If you have not heard about the E. coli (Escherichia coli) outbreak in the states of Oregon and Washington in Fall 2015, then you might want to take a quick break and check what the news reported … this could be a game changer, not only for Chipotle — the Mexican restaurant chain connected to the most recent illnesses — but also for the restaurant industry as a whole. Chipotle instituted the right steps and voluntarily closed 43 of its stores (12 in the Portland area, the rest in Washington) but not before dozens of people got sick.
Following the Food Chain Offers Clues
The question is: How did this bacteria end up in the food chain in the first place? Sometimes, knowing how is not so much the question, but where did the bacteria originate. The FDA and CDC use the term “traceback” when looking to find where such an outbreak occurred. Often, investigators look at the clustering of people who have the same sickness from common eateries. Then, those eateries will be investigated to see if their inventory documentation is in order, i.e., who their suppliers are. From that point back, the food distributors and farms will be investigated until the culprit is found.
In April 2012, there was an outbreak of salmonellosis reported to the CDC and other state public safety departments. The first week, there were 93 cases reported. By the end of May almost 500 cases were reported. By using the traceback analysis, the FDA was able to pinpoint the origins of this outbreak to frozen tuna and to one supplier. It is hard to stop such outbreaks from happening from the supplier end, but it can be thwarted by the trace-forward procedure that begins when the perpetrator is found. Trace-forward is simply finding additional pathways of exposure that can be closed to food products entering the supply-chain without proper documentation.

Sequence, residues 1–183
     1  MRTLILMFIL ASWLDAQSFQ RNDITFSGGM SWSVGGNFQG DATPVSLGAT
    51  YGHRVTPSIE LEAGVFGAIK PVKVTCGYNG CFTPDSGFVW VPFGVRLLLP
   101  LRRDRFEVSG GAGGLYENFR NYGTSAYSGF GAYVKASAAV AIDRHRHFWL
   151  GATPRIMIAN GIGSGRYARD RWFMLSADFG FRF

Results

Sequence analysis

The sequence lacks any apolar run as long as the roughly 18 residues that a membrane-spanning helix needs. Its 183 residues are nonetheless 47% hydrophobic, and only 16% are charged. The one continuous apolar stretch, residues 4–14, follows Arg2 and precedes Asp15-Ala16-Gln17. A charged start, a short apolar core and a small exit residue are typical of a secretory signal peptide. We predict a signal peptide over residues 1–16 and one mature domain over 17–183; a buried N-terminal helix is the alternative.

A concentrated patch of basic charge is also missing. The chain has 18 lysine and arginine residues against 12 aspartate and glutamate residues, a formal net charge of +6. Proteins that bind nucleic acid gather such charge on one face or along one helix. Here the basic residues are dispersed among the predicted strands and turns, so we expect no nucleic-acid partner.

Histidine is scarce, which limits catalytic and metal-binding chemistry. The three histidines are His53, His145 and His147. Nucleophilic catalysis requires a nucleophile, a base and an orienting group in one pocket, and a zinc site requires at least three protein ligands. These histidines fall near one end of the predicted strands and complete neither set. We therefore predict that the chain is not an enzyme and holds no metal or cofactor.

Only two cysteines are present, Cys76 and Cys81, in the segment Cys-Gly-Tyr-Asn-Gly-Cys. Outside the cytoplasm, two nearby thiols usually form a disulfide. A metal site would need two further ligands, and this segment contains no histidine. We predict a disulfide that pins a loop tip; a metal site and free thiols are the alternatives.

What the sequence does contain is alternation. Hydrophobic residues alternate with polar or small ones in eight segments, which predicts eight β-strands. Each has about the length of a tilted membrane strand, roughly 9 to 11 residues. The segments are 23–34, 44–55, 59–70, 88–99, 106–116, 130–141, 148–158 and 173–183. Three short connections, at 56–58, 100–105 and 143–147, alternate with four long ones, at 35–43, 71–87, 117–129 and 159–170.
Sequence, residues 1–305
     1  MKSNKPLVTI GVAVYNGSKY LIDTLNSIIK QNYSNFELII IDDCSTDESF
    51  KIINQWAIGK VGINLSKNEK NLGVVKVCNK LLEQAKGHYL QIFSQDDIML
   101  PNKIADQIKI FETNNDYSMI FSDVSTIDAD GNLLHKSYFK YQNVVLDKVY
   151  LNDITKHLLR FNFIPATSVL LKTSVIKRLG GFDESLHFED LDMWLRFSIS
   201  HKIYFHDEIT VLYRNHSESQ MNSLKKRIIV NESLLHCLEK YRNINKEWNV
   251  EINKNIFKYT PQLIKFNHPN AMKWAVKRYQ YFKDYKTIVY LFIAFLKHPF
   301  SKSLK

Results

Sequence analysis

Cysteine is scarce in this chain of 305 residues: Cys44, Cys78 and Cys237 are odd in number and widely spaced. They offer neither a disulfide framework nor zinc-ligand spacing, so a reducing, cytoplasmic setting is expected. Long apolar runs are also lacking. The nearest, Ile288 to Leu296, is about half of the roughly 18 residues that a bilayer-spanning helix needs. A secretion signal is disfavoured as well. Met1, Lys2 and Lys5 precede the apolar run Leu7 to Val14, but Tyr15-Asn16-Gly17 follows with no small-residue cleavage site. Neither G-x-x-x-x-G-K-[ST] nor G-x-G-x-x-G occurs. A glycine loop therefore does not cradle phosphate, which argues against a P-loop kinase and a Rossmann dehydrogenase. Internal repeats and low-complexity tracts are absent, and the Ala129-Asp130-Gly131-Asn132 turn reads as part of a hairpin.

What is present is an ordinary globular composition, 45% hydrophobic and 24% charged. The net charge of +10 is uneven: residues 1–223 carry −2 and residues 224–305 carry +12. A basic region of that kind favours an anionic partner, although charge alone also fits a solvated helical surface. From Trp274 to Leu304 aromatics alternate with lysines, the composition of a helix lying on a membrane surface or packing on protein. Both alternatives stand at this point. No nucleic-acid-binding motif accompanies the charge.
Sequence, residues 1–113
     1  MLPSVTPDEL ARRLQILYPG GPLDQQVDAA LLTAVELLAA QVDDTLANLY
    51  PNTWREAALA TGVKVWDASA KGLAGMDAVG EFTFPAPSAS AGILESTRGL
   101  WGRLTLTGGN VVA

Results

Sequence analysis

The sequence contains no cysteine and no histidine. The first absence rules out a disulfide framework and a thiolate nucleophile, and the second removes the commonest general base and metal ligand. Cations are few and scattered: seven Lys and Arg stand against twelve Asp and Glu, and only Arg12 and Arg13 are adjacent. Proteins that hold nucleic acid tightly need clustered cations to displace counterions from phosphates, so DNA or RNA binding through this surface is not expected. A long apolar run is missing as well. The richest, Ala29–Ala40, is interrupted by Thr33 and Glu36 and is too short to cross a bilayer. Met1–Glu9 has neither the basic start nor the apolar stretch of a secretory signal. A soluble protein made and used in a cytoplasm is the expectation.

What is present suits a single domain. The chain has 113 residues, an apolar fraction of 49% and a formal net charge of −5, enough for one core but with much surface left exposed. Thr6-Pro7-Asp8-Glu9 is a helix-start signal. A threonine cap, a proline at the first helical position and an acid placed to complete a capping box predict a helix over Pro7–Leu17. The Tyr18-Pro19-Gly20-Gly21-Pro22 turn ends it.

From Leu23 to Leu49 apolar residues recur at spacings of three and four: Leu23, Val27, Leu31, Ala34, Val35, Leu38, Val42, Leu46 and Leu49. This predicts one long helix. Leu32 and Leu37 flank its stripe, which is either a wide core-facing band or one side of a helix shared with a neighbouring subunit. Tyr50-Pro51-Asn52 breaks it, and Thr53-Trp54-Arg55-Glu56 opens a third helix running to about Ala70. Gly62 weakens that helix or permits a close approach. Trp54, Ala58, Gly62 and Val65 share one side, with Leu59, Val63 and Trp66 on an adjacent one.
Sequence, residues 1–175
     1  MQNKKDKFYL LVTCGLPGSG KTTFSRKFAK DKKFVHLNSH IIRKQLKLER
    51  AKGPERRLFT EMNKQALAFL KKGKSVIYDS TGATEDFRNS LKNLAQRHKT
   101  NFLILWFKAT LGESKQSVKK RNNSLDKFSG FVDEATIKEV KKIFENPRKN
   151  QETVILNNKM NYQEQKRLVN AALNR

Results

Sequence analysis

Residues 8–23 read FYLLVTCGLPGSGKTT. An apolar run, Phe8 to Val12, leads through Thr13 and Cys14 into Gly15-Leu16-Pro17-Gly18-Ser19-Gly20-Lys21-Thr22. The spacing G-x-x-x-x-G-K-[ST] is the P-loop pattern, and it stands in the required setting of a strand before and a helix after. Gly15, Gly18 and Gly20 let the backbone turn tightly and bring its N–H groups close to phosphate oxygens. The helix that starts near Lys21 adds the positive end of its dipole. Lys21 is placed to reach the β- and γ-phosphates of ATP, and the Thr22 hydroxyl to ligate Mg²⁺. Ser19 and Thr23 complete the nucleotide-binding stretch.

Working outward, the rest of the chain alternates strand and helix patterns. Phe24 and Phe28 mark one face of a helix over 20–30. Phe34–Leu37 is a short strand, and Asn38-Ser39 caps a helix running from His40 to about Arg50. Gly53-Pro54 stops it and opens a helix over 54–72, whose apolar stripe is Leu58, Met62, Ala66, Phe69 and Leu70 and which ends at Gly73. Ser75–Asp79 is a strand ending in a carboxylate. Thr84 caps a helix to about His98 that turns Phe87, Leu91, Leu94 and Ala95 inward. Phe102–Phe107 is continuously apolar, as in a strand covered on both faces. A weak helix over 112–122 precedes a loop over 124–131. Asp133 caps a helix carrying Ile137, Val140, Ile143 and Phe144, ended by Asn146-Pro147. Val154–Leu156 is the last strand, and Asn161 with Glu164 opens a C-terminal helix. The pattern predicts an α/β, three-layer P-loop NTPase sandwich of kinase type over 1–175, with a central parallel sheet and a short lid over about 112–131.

Technology and Traceability
According to Food Safety News, 15 percent of the food that is consumed in the U.S. comes from outside of the country, and 80 percent of all seafood is imported. Needless to say, traceability software programs have become a valuable tool, not only to protect the consumers, but also the manufacturing firms. Use of bar codes, electronic business standards, global data synchronization and radio frequency identification (RFID) and Uniform Product Codes (UPCs), all assist in helping trace where the food has come from and where it ended up.
In addition, businesses are built to support the need of knowing exactly where food comes from. Large restaurants, like Cheesecake Factory, depend on N2N Global and its technologies to ensure the quality of their food.
So what is traceability? The preferred definition of traceability from Food Standards is “the ability to track any food through all stages of production, processing and distribution (including importation and at retail). Traceability should mean that movements can be traced one step backwards and one step forward at any point in the supply chain.”
Change is Already Here
In the case of Chipotle, there is a silver lining in that the government has created a new law allowing the FDA to create new rules for food importation. All foods arriving at the U.S. borders must meet American safety standards. It also places the onus of policing this policy on the companies that are importing these foods, something that larger companies are already doing. As reported in The New York Times on November 13, Michael R. Taylor, the FDA’s deputy commissioner for foods and veterinary medicine, stated, “Under the new rules, importers will have the obligation to verify they are meeting U.S. standards,” Mr. Taylor said. “This is a fundamental paradigm shift from the FDA detecting and responding to problems with imported foods to industry being responsible for preventing them.”
There is genuine hope that these new rules will protect the consumer, but also newer technology that allows the collection of data on all products coming into the U.S.A. will allow for quicker responses and solutions should an outbreak occur.
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